A beautiful book cover, the promise of a traditional setting with a courageous woman protagonist and rave reviews from readers – Alka Joshi’s The Henna Artist ticks all the right boxes. However I picked the book because it was the choice of my book club and everyone was absolutely excited about this one.

A group of people reading the book with me, followed by a book discussion is just a very exciting proposition. So while I wait for the discussion, I must write what I think about the book.

The book is set in Jaipur in the mid 1950s and 30-year old Lakshmi is a much sought-after henna artist catering to the rich of the city and being privy to not just the secrets of the ladies but of the men as well. When Hari, the husband she had left years ago, turns up at her doorstep with a young girl who claims to be her sister, her life turns upside down. Soon she’s struggling to hold on to the financial independence she has carved for herself and her very reputation.

The storyline is captivating and has many twists and turns before it hurtles towards a conclusion, open enough for a sequel.

I liked the story but I had a few issues with the writing and the themes that were explored.

For one, I could not picturise the protagonist in my mind. There was not much physical description and Lakshmi just did not seem to fit into my idea of a woman in Jaipur, of that particular social strata and in that time period.

Lakshmi was also created to be unlikeable by the author I think. While I could understand her life story, her abusive marriage and an escape, her rise through sheer hard work and the taking of opportunities as they arose, I could not fathom her self-talk. She was guilty at every turn, thinking of her life choices and yet she’s manipulative and happy about it. Those two emotions seemed at loggerheads most of the time.

Radha, her younger sister too changes into an unlikeable character as the book progresses. From a timid girl she becomes a classist in just a few months, which is a little unbelievable. The kind of grudge she carries in her heart is also inexplicable after she’s lost all her family and comes to Jaipur to seek her only sister out.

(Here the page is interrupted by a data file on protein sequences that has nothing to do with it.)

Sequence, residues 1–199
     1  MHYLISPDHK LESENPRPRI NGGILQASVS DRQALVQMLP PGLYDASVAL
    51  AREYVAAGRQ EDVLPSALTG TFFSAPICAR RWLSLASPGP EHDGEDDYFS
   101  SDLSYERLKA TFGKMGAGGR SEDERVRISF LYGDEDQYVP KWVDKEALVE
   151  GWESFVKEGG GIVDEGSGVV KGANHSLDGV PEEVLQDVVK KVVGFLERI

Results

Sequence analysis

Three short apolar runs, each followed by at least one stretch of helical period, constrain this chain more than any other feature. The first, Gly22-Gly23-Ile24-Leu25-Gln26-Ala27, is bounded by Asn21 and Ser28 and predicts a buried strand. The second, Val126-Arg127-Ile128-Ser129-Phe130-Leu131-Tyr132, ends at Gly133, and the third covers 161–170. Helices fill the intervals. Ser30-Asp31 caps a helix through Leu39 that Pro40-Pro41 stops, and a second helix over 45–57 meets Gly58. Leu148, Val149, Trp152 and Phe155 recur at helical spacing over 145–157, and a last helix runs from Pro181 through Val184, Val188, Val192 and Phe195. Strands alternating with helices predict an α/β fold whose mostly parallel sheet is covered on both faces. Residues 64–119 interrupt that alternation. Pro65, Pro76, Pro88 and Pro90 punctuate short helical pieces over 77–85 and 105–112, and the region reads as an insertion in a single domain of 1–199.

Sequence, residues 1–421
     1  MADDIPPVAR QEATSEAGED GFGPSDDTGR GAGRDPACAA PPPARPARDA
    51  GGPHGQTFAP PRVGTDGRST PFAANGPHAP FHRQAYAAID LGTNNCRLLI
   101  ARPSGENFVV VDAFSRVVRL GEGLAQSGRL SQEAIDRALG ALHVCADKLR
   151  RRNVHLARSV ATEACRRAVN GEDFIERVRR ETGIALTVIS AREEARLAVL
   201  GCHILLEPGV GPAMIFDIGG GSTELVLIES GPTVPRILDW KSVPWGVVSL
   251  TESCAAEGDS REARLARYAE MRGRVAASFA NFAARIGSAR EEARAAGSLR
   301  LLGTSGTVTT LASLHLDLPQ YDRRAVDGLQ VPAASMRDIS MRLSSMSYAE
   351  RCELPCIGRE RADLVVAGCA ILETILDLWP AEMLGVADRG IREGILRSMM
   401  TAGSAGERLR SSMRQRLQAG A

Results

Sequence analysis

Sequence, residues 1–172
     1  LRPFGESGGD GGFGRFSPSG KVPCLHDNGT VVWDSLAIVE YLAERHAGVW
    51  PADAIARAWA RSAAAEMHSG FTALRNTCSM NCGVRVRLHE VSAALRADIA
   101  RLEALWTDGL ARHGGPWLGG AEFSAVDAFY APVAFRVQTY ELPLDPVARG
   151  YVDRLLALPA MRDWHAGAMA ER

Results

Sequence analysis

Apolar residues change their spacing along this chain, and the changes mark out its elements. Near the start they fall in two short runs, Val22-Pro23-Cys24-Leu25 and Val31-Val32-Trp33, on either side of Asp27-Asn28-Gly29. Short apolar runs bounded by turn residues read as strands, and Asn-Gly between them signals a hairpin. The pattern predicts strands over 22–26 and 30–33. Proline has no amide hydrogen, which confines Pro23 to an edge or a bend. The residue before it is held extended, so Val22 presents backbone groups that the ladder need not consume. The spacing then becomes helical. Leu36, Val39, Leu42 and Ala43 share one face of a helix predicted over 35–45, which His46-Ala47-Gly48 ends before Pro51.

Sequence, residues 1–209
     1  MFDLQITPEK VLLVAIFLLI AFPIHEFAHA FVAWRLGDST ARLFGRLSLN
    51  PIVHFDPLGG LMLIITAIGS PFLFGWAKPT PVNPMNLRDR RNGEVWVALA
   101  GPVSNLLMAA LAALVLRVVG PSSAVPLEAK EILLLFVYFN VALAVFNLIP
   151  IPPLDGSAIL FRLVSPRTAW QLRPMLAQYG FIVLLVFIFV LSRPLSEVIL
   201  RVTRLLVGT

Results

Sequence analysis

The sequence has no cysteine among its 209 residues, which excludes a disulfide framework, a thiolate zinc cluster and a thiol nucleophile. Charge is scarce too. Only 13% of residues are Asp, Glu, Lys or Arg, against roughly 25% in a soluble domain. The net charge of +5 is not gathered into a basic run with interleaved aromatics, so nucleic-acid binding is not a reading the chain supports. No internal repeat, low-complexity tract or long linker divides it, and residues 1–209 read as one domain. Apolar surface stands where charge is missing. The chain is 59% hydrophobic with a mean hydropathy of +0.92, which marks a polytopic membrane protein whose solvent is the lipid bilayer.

Hari, Lakshmi’s husband is another character, whose transformation from an abusive, illiterate person to an empathetic healer is hard to fathom.

Many events in the story sound contrived. Things fall into place just too easily. It’s not the bigger, life-changing things but the smaller ones like the gift of the parrot from the palace to unlikely reconciliation between sisters to adoption of a child born out of wedlock to a loving family who had lost their own, that sound easy.

The setting didn’t work for me at all. It didn’t evoke the Jaipur of 1950s to me. Nor did it capture the spirit of Shimla in the few pages it was described. It felt too modern, even though it is just a few years after India achieved independence. Girls from remote villages in UP are well versed in the English classics with book keeping talents. It’s not just Lakshmi and Radha who are even more educated than the middle class but also Malik, the Muslim boy from an impoverished background who runs errands and buys things from market based on a list. All this feels very incongruous.

The thoughts that run in the minds of the characters are just too persistent. Every few pages we revisit Lakshmi’s guilt at abandoning her husband and bringing a bad name to her parents. For a woman who’s very sure of what she wants to do with her life, Lakshmi seems rather steeped in her past. The dialogues are repetitive as well. I had figured out how the book would end much before I reached the final chapters. The final nails in the coffin of her life in Jaipur were driven rather slow. Rather than feeling her pain, I only felt that the trope was overdone.

However, the book has its beauty. The henna description, the herbs and the potions, the life and times of the palace and the aristocracy come alive very well. The cruelty of the rich towards the poor is very believable. The story line is captivating and it’s a lovely portrayal of Indian culture to a foreign eye.

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